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BMC Pulm Med. 2018 Jun 7;18(1):98. doi: 10.1186/s12890-018-0659-8.

Physical activity and sedentary time are related to clinically relevant health outcomes among adults with obstructive lung disease.

Author information

1
Faculty of Health Sciences (Kinesiology), University of Ontario Institute of Technology, 2000 Simcoe St N, Oshawa, ON, L1H-7K4, Canada. Shilpa.Dogra@uoit.ca.
2
Faculty of Health Sciences (Kinesiology), University of Ontario Institute of Technology, 2000 Simcoe St N, Oshawa, ON, L1H-7K4, Canada.
3
College of Health Solutions, Arizona State University, 550 N 3rd Street, Phoenix, AZ, 85004, USA.
4
Faculty of Medicine, The University of Queensland, Level 2, Building 33, Princess Alexandra Hospital, Woolloongabba, QLD, 4102, Australia.
5
Department of Kinesiology and Physical Education, University of Lethbridge, 4401 University Drive, Lethbridge, AB, T1K 3M4, Canada.
6
Faculty of Medicine and Dentistry, University of Alberta, and G.F. Macdonald Centre for Lung Health, 3-135 Clinical Sciences Building, 11304 - 83 Avenue, Edmonton, Alberta, T6G 2J3, Canada.

Abstract

BACKGROUND:

The purpose of the current study was to determine the association between sedentary time and physical activity with clinically relevant health outcomes among adults with impaired spirometry and those with or without self-reported obstructive lung disease (asthma or COPD).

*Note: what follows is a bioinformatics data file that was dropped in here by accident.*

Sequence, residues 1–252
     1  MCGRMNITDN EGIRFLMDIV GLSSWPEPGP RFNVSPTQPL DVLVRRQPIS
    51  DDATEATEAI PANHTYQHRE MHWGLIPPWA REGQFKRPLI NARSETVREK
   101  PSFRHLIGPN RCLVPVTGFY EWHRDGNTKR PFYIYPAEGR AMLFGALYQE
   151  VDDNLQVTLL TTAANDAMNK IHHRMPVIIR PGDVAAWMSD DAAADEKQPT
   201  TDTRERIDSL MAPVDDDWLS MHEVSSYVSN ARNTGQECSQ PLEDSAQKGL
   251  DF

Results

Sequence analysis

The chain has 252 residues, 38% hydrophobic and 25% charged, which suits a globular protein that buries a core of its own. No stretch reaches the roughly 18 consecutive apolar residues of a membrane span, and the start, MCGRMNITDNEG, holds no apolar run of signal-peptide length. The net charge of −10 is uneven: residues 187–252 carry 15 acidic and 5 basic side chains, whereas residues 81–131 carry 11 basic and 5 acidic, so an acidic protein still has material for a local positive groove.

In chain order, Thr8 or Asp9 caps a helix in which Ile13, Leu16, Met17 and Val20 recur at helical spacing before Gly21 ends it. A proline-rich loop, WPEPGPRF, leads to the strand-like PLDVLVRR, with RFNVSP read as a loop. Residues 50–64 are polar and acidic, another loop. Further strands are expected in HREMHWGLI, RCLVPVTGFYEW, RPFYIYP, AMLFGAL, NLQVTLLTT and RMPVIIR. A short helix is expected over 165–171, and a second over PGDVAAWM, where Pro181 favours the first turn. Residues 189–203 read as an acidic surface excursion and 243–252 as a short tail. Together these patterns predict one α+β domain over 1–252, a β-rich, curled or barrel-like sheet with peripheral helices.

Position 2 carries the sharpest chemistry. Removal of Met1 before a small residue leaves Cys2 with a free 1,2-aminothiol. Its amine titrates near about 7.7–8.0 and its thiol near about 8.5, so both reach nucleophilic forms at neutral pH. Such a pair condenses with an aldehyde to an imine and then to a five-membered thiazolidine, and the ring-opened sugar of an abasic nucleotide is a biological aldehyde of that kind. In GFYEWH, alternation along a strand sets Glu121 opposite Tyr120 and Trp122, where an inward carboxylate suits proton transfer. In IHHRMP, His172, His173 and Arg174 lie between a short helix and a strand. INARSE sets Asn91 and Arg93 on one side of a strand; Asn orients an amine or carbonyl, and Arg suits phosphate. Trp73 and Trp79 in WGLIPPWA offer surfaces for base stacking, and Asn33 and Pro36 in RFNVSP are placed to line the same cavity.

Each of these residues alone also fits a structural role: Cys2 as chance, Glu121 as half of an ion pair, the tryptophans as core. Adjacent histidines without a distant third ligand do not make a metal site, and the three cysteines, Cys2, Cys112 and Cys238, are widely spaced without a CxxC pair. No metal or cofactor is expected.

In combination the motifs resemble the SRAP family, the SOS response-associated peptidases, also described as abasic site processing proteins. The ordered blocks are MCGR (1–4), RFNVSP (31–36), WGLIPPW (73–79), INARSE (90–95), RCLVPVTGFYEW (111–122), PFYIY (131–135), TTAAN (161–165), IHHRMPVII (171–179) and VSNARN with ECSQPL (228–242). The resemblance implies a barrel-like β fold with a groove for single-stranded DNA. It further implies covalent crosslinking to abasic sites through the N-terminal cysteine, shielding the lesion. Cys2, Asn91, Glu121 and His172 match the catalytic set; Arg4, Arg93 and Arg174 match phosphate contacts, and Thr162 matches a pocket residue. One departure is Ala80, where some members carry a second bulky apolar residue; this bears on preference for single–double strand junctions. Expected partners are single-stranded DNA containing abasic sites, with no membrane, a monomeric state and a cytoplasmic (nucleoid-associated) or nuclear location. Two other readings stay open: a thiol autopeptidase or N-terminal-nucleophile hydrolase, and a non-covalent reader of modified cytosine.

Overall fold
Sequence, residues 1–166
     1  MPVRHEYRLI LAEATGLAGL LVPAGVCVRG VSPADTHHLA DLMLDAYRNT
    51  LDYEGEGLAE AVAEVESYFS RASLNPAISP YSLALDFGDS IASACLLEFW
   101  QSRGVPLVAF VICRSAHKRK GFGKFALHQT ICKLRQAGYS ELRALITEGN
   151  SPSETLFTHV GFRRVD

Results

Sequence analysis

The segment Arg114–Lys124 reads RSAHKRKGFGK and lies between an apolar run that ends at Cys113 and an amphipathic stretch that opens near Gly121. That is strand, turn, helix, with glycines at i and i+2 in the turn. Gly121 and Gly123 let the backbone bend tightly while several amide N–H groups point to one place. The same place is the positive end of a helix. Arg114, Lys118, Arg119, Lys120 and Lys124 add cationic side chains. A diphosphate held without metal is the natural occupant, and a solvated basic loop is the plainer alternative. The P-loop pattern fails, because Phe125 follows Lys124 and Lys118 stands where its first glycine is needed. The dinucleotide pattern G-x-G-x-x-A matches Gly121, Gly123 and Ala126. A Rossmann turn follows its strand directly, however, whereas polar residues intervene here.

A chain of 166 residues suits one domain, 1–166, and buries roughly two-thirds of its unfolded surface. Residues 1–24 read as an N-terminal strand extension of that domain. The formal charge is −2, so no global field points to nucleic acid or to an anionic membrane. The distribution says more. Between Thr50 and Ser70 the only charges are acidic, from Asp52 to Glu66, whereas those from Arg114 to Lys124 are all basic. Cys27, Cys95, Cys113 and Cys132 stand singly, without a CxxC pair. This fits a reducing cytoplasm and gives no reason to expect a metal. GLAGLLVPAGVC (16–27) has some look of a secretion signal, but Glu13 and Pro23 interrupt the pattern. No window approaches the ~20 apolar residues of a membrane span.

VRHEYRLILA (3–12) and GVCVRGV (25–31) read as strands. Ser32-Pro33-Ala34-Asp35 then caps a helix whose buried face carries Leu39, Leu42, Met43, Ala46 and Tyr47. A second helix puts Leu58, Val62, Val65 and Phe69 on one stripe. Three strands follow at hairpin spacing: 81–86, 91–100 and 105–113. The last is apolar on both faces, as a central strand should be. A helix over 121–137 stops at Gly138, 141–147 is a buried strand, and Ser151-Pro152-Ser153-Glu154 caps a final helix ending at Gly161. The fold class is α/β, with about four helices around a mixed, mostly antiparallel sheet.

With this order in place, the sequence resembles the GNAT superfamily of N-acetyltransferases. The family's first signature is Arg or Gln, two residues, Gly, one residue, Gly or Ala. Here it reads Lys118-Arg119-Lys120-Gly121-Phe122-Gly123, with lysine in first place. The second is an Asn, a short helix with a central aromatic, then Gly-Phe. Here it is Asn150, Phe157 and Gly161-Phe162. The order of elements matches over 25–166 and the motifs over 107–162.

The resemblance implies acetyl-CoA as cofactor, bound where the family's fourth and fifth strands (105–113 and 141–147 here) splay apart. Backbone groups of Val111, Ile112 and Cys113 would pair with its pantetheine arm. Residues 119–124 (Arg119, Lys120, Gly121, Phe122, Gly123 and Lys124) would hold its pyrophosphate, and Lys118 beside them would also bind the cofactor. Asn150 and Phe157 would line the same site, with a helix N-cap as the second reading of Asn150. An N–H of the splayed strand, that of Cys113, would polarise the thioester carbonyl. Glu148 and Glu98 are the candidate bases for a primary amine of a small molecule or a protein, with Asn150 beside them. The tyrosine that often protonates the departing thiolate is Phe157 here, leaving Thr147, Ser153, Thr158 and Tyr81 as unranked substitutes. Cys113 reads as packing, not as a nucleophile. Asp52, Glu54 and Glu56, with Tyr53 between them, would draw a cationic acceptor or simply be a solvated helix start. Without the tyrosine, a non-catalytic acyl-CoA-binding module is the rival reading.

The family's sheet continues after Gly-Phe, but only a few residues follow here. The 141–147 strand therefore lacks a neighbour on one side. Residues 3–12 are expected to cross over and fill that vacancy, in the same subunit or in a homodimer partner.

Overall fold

METHODS:

Data from participants of the Canadian Longitudinal Study on Aging were used for analysis (n = 4156). Lung function was assessed using spirometry. Adults were said to have impaired spirometry if their Forced Expiratory Volume in 1 s was <5th percentile lower limit of normal (LLN). A modified version of the Physical Activity Scale for the Elderly was used to assess sitting time and physical activity levels. Healthcare use and quality of life outcomes were assessed using self report.

RESULTS:

Among those with asthma, participating in strengthening activities was associated with lower odds of reporting poor perceived health (OR = 0.65, CI: 0.53, 0.79), poor perceived mental-health (OR = 0.73, CI: 0.60, 0.88), unhealthy aging (OR = 0.68, CI: 0.56, 0.83), and reporting an emergency department visit in the past 12 months (OR = 0.76, CI: 0.60, 0.95). Among those with COPD, those who reported highest weekly sedentary time had higher odds of reporting poor perceived health (OR = 2.70, CI: 1.72, 4.24), poor perceived mental-health (OR = 1.99, CI: 1.29, 3.06), and unhealthy aging (OR = 3.04, CI: 1.96, 4.72). Among those below the LLN, sitting time (OR = 2.57, CI: 1.40, 4.72) and moderate intensity physical activity (OR = 0.23, CI: 0.09, 0.63) were associated with overnight hospital stays.

CONCLUSIONS:

Higher physical activity levels and lower sedentary time may be associated with lower healthcare use and better quality of life. This research may have implications related to the use of physical activity for improving health outcomes and quality of life among adults with obstructive lung disease or impaired spirometry.

KEYWORDS:

Asthma; COPD; Hospitalization; Physical activity

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